Massage Parlor Murders

Massage Parlor Murders! (1974) would be just another generic morsel of sleaze, if not for its weird six-minute pre-title sequence. In it, a masseuse attempts to negotiate the removal of her clothing with a pasty-faced, flustered client who starts forking over twenties more out of nervousness than sexual desire. The conclusion of this oral contract caps what passes for suspense in this affectless scene, which is flatly lit, staged proscenium arch-style, and accompanied by a jaunty Mickey-Mouse score. Massage Parlor Murders! is probably the only slasher film ever to open with a vaudevillian blackout sketch. The fact that only one of the two characters in it appears again in the movie (and then only for a few minutes right at the end) creates a narrative disconnect, and the scene is hilarious because it contrasts so jarringly in tone with everything that follows. It’s also endearing because it’s one of those surprising movie moments in which an especially appealing bit performer brings a bland scene to life. Olive-skinned Annie Gaybis, who plays the masseuse, has an unusual beauty and a soft Noo Yawk accent, and she really nails the stripper’s seductive hard-sell routine in a funny, authentic-sounding way. It turns out the movie isn’t about Gaybis’s character, but the fleeting possibility counts for a lot.

The other seventy-four minutes of Massage Parlor Murders! (and don’t leave off that exclamation point!) comprise an banal, semi-comprehensible serial killer procedural. But, as Chris Poggiali’s thoroughly-researched liner notes point out, it would be hard to find a more useful time capsule of its particular moment in the history of crap. Like many low-end exploiters, Massage Parlor Murders! was stitched together out of barely usable footage. Chester Fox, whose Hitchcockian cameo happened to be in the role of Gaybis’s befuddled john, was the first of two credited directors, a fringe figure whose other oddball credits included an obscure Marcel Marceau short and an aborted attempt to film the famous Fischer-Spassky chess match. The other, Alex Stevens, was a stunt man hired to add some brisk car chase scenes and a bathhouse not-quite-orgy that looks like it might have been filmed with a hidden camera. Incoherent as it is, Massage Parlor Murders! may be the grindhousiest of all 1970s grindhouse movies, just because it’s set and photographed in and around the place where more people saw them than any other: Manhattan’s Times Square at the depth of its Ford to City: Drop Dead-era decay.

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Re-release prints of Massage Parlor Murders! scissored off the prologue, turning it from a mostly ordinary exploitation film into a wholly ordinary one. A complete theatrical print of the original version is now available as a crisp, colorful Blu-ray thanks to Vinegar Syndrome, a new, Connecticut-based company that specializes in the kind of fringe sinema that even connoisseurs of schlock have never heard of. Ready to explore the oeuvre of porn auteur Kemal Horulu? Vinegar Syndrome has you covered with not one but two double feature DVDs. In the midst of a scary transitional period in which many once-thriving independent labels (and major studios) have cut back or given up on catalog releases, cult and exploitation is one of the few niches still being profitably mined for home video special editions. They’ve been through hard times – Something Weird now releases on DVD-R, and Code Red produces self-distributed limited runs that go out of print almost immediately – but hardy labels including Synapse Films, Scorpion Releasing, Shout Factory, and Grindhouse Releasing are still rereleasing little-known trash classics upon an unsuspecting public at a rapid clip.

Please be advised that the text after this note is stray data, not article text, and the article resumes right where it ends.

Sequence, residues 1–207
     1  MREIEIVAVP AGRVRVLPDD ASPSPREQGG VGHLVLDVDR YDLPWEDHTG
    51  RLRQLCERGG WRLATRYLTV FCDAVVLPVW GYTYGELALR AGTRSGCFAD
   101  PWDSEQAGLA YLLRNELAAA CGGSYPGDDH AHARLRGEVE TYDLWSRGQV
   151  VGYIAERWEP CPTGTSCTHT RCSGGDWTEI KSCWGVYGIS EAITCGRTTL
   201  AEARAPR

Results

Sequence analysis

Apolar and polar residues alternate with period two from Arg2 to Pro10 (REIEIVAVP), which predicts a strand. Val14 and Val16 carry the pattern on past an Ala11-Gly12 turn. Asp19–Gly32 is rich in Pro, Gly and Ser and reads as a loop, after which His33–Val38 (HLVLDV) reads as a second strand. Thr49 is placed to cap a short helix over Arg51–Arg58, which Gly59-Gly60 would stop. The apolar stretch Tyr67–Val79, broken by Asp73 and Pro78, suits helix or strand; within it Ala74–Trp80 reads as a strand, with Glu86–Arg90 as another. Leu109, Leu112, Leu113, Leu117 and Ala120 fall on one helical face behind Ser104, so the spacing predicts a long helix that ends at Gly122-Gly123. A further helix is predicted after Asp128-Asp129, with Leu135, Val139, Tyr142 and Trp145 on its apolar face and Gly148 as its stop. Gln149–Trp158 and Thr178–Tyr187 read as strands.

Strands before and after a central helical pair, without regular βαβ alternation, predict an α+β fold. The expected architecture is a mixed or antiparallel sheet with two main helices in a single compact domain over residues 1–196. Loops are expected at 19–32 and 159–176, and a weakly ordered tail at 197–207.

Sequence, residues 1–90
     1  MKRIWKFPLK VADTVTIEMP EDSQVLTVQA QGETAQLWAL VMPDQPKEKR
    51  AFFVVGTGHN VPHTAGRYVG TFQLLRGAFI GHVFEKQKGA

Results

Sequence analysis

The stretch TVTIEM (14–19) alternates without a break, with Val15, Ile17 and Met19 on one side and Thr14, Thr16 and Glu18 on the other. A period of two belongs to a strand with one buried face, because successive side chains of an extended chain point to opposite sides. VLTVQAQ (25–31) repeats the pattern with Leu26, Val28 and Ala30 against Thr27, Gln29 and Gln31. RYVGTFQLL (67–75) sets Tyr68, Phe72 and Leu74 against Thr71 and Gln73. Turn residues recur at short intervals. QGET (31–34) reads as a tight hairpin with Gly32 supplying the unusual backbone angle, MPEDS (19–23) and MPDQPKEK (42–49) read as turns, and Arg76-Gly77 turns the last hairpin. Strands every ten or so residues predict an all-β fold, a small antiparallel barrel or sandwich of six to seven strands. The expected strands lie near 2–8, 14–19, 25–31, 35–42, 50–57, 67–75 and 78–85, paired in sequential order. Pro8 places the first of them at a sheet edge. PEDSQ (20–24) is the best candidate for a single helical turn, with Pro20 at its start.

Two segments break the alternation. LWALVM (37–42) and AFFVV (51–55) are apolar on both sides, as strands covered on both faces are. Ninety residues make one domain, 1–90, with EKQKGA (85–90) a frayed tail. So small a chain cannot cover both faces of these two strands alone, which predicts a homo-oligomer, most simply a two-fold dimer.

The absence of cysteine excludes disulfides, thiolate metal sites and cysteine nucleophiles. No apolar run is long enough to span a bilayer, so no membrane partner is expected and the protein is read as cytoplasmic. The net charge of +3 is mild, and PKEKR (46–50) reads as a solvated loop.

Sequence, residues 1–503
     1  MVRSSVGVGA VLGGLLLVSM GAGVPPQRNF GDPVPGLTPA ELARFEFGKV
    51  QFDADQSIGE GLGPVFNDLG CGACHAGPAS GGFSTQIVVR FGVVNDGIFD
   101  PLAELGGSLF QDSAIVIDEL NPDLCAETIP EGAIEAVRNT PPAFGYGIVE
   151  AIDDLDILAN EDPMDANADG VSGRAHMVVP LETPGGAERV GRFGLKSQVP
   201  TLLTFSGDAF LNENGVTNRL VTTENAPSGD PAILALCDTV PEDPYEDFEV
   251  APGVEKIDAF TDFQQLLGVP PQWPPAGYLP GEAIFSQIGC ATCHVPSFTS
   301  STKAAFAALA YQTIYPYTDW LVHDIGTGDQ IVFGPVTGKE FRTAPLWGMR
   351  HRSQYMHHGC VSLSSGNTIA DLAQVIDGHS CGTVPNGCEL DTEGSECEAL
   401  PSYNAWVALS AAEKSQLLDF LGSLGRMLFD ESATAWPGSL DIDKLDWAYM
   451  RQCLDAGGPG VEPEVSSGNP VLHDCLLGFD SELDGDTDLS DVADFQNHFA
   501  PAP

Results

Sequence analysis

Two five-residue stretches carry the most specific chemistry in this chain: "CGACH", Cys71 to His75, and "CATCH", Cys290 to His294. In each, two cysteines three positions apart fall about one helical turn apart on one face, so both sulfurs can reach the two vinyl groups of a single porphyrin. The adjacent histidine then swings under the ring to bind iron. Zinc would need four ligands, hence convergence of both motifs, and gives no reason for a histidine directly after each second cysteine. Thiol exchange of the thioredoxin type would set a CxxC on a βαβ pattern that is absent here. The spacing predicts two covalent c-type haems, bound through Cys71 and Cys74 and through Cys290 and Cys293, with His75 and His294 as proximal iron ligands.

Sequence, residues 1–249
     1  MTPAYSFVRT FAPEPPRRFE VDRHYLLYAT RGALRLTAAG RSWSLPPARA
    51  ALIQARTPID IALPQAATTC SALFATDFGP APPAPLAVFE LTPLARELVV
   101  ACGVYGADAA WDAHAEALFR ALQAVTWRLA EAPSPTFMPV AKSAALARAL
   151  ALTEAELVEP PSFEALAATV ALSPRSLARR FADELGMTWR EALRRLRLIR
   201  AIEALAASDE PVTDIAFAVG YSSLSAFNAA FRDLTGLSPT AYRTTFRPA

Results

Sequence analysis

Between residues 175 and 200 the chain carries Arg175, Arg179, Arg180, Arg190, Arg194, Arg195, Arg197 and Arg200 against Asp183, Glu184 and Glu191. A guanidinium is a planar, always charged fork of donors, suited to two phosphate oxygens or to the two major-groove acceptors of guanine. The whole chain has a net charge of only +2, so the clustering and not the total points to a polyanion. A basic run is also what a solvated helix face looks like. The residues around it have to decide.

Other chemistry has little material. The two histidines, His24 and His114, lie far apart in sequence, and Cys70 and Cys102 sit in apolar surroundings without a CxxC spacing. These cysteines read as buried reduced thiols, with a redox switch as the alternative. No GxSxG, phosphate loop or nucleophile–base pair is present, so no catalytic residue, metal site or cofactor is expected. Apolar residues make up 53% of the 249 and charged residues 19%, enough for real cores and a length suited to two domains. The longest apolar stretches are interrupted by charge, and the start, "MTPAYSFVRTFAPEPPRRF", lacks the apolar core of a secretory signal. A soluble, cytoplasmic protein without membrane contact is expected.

It was through another Vinegar Syndrome release, Mark Haggard’s The Love Garden (1971), that I discovered Barbara Mills. Also credited as Barbara Caron, Mills was a prolific sexploitation starlet who somehow never received the same kind of cult recognition that Pam Grier or Claudia Jennings, or even Haji or Marsha Jordan, still enjoy. In The Love Garden, Mills and Linda York (her frequent co-star, and also a wispy redhead with offbeat looks) play lesbians whose partnership is threatened when a new, male neighbor falls for York’s character. At first, this very low-budget film – which has only three characters, and entirely post-synched dialogue – comes across as a dated exercise in “curing” homosexuality. Even though the male protagonist is a Jewfro’d, un-macho Tony Roberts type, he also details (in voiceover) a plan to intrude upon a relationship that he sees as unnatural, at least compared to the lovin’ he’s trying to bring. Mills’s character is the least sympathetic of the three – not quite a stereotypical “predatory lesbian,” but older than York and possessive. So it’s a shock – a calculated, well-crafted shock – when The Love Garden reverses course entirely in its last few minutes, upending all of the hero’s comfortable sexist assumptions and taking an explicitly anti-homophobic stance. I’d also argue that The Love Garden, which devotes 28 of its 70 minutes to a pair of equally tender and unhurried sex scenes (one gay, one hetero) that stop just short of going hardcore, functions as feminist porn avant la lettre.

Not every movie made for the raincoat crowd had subversion on its mind: The Love Garden is paired on DVD with another Barbara Mills vehicle, The Suckers (1972), a clunky attempt to make a softcore Most Dangerous Game. The Suckers doesn’t get around to explaining the obvious “twist” in the plot until after the halfway mark, and its sex scenes are as crude and unappealing as The Love Garden’s are sensuous and open. Mills has a fairly minor role in Escape to Passion (1970), the second film by director James Bryan – she’s one of the participants in the long Crisco orgy at the, er, climax of the film. But Mills and Bryan shared a connection to the Venice Beach hippie scene. Mills, who died in 2010, used her nudie work to support a free-spirited lifestyle as a Venice artist. Bryan, who also lived and worked there, was an authentic regional filmmaker who captured this corner of Los Angeles with the same perceptive eye that George Romero turned upon western Pennsylvania. A film student at UCLA around the same time as Jack Hill (and Francis Ford Coppola, whose first feature was a nudie), Bryan has a fraction of Hill’s skill for self-promotion and, to judge by the three early films released on DVD together by Code Red, twice as much talent.